IRS: 9 Million Americans May Have Stimulus Checks Waiting to Be Claimed
by Christy Bieber | Updated July 25, 2021 - First published on Sept. 10, 2020
Are you one of the nine million Americans with an unclaimed COVID-19 stimulus check?
The Coronavirus Aid, Relief, and Economic Security Act was signed into law at the end of March and authorized the majority of Americans to receive COVID-19 stimulus checks worth as much as $1,200 per adult and $500 per dependent child under the age of 17.
The IRS has sent out the majority of those payments, but not everyone has received theirs yet.
In fact, the agency tasked with distributing the coronavirus relief has indicated there are around nine million Americans with payments still pending. The IRS has announced it will be sending out letters later this month urging those missing their checks to take swift action as they must act before Oct. 15, 2020 or claiming their payments will become much more difficult.
Who are the nine million Americans missing their stimulus payments?
The nine million Americans who the IRS believes are missing their stimulus payments include people who did not file a tax return for either 2018 or 2019. This group of people largely consists of those whose taxable income is below the threshold at which tax returns must be filed.
These individuals may have missed out on getting a stimulus payment because the IRS used data from 2018 or 2019 tax returns to determine who was owed a stimulus payment and what amount to send out.
The agency did create an online form non-filers could use to submit their payment information so they could get checks without filing tax returns. But not everyone used it. The tax agency also obtained information from the Social Security Administration and VA about those who receive government benefits but who do not file returns.
But even with these efforts, there are still millions of people whose information the IRS simply didn't have. The upcoming letters are the agency's last-ditch attempt to reach them so they can get their payments this year.
What should you do if you didn't get your stimulus check?
If you're one of the millions of Americans who didn't receive your COVID-19 stimulus payment, you should use the IRS online form for non-filers to provide your details, including information on your dependents and your preferred payment information.
You must submit your information using this form by Oct. 15, 2020 in order to get your money this year. If you miss this deadline, you'll be able to get your money only by filing a tax return next year for the 2020 tax year. The IRS won't start accepting returns until the end of January 2021 so there will be a long delay. And filing a tax return solely to obtain your COVID-19 money is much more complicated than just quickly submitting the online form.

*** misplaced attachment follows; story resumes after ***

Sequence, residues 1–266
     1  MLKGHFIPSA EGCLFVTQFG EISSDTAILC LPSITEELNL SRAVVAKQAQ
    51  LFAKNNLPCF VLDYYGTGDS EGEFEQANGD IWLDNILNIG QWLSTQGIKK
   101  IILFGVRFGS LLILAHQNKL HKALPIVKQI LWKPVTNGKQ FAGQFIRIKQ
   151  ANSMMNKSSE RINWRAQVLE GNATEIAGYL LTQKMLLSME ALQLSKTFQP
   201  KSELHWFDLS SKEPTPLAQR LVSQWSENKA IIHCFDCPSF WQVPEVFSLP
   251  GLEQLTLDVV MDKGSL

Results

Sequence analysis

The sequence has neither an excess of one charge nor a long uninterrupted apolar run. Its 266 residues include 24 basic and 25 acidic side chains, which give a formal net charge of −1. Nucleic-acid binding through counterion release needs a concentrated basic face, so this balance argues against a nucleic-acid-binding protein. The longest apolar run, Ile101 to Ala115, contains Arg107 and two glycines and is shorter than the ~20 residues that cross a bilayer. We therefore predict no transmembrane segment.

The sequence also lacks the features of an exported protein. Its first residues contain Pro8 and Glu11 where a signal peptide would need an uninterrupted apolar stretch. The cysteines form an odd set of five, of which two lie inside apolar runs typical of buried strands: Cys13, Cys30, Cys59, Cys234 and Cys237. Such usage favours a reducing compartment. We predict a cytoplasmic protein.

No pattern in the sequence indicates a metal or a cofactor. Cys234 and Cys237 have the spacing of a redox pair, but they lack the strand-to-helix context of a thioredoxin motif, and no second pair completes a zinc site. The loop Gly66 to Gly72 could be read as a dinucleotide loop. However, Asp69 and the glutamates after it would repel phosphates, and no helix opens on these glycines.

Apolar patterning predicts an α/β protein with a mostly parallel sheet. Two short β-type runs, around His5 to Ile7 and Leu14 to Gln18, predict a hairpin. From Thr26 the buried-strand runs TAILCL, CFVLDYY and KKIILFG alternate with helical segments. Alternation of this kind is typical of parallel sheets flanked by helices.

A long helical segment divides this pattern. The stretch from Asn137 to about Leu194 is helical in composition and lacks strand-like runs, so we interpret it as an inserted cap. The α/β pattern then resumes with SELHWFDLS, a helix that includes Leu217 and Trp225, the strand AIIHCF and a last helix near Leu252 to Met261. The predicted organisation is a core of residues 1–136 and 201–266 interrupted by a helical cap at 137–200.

You do not have to wait for the IRS to send you a letter instructing you to go online and complete the form if you suspect you may have missed out on your payment. If you didn't file a tax return for 2018 or 2019 and you haven't received your COVID-19 stimulus money, you should go online and do this now.
However, if you do receive a letter, it is not a guarantee of eligibility for a check. To be eligible, you must have a valid Social Security number. All of the dependents you are claiming a stimulus payment for must have a Social Security number as well. In addition, you cannot be claimed as a dependent on anyone else's tax return.
And if your income is above $75,000 as a single filer, $112,500 as a married filer, or $150,000 as a married joint filer, your eligibility for the money will begin to phase out at a rate of $5 per $100 above these income thresholds. However, most people who lose eligibility based on income would not fall into the group who isn't required to file a tax return.
Don't wait to claim your COVID-19 money
If you are among the nine million Americans missing your coronavirus stimulus money, you should take action today to try to claim it. The chances of a second stimulus payment have substantially declined in recent weeks, so this may be your only option to get this form of direct financial relief from the government this year.
And if you are not among those waiting for the first stimulus check and were hoping for a second one, you may find that relief isn't coming. You should explore other options for coronavirus assistance. Or, if you are struggling to make ends meet, you may wish to consider refinancing at today's record low rates to reduce your mortgage payment or using a 0% APR credit card to cover costs in the short-term without owing interest. Just try not to borrow more than is necessary, or more than you can pay back before the promotional 0% interest period ends.
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